Crystel, 15 months, cries as she gets a vaccination from nurse Cinthya Chumpitaz during a Yale Clinic for Hispanic Children visit. Holding Crystel is her mom, Audelina./Melanie Stengel / Contributed photo
By Marco della Cava, Daniel Gonzalez and Rebecca Plevin | USA TODAY
As the COVID-19 vaccine makes its way throughout the United States, immigration activists and lawmakers are rallying to ensure that the 11 million undocumented immigrants at the heart of the nation’s food production and service industry sectors are not left out.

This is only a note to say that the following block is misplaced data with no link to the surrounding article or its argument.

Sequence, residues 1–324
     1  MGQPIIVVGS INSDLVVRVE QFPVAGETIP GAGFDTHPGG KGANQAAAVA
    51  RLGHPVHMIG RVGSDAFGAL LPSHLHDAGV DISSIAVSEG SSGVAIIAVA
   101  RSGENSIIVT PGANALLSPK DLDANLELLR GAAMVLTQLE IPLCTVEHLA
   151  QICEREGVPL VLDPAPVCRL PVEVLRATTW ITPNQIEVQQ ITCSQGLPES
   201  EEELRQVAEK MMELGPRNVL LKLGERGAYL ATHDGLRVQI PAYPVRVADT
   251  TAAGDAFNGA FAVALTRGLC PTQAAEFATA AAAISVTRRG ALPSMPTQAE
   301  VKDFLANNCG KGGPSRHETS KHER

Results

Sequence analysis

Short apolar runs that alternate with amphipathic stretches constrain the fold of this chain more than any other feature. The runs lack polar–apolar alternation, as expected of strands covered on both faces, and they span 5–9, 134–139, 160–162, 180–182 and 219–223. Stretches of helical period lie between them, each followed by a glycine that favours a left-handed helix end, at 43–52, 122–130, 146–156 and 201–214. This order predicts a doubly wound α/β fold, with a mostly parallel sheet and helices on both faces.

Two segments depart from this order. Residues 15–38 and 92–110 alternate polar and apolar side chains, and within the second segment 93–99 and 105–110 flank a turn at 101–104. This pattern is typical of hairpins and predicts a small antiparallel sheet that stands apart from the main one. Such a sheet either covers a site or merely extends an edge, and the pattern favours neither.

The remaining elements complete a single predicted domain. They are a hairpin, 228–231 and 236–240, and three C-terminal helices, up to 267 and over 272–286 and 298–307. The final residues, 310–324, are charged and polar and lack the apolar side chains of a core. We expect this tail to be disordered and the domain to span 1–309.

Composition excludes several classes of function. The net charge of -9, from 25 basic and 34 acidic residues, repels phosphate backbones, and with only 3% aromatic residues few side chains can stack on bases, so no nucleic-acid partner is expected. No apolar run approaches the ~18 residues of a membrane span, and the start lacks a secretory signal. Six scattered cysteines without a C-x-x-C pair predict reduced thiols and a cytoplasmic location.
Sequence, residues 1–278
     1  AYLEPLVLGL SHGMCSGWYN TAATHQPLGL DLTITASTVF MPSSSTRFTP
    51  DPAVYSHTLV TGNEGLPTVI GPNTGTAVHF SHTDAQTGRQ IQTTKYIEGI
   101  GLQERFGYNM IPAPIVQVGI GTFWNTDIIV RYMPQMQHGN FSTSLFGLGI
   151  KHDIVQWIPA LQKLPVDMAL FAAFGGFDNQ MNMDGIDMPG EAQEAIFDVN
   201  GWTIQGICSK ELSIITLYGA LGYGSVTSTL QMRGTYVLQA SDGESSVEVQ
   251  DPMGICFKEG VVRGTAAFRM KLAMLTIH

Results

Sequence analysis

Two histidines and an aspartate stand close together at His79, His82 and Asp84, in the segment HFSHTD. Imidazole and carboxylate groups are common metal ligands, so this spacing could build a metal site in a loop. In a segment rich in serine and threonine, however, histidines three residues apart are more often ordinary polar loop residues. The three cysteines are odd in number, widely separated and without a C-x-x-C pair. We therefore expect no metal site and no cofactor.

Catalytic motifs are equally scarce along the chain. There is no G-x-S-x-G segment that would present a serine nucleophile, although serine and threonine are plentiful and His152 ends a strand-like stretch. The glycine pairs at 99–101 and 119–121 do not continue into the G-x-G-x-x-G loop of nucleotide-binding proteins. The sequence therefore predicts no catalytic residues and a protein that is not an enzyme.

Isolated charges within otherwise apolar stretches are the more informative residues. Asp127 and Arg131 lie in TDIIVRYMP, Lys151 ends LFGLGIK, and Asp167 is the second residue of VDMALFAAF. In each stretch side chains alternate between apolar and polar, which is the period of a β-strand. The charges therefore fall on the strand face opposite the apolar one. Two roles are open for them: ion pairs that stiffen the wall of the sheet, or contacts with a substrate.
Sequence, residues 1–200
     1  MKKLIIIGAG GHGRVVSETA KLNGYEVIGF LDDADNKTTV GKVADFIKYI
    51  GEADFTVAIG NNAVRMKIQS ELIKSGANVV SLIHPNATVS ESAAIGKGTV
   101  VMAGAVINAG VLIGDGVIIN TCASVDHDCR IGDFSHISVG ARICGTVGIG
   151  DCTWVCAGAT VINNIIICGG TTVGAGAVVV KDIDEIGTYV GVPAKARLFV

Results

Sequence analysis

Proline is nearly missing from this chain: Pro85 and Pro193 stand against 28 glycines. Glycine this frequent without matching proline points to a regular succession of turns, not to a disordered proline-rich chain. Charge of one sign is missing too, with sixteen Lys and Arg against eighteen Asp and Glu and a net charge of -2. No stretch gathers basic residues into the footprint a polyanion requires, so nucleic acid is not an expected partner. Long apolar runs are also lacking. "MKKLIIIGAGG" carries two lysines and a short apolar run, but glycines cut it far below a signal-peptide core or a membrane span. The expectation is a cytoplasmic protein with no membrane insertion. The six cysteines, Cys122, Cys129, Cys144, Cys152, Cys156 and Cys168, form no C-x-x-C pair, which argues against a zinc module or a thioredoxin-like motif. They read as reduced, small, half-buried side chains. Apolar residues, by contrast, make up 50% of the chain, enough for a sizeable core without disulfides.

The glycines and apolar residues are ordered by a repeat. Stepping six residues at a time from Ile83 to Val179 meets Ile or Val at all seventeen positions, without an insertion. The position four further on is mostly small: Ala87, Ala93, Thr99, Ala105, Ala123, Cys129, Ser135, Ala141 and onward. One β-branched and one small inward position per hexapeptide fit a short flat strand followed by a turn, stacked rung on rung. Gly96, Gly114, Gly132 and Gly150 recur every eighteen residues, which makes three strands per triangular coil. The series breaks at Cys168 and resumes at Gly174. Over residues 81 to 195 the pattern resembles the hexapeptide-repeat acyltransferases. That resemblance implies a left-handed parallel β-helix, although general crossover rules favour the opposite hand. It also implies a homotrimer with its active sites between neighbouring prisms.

Experts say it is unlikely that health officials will discriminate against undocumented Americans. But after years of isolationist and punitive immigration policies from the Trump administration, many immigrants — whose physical and fiscal health has, along with many people of color, been disproportionately impacted by the pandemic — might be unwilling to come forward and get vaccinated.
“We don’t want to take the risk if it’s going to cause us problems,” such as deportation, says Beatriz Gutierrez, 36, a stay-at-home mother of four ages 9 to 17 in Phoenix. “But otherwise, I am ready to take it.”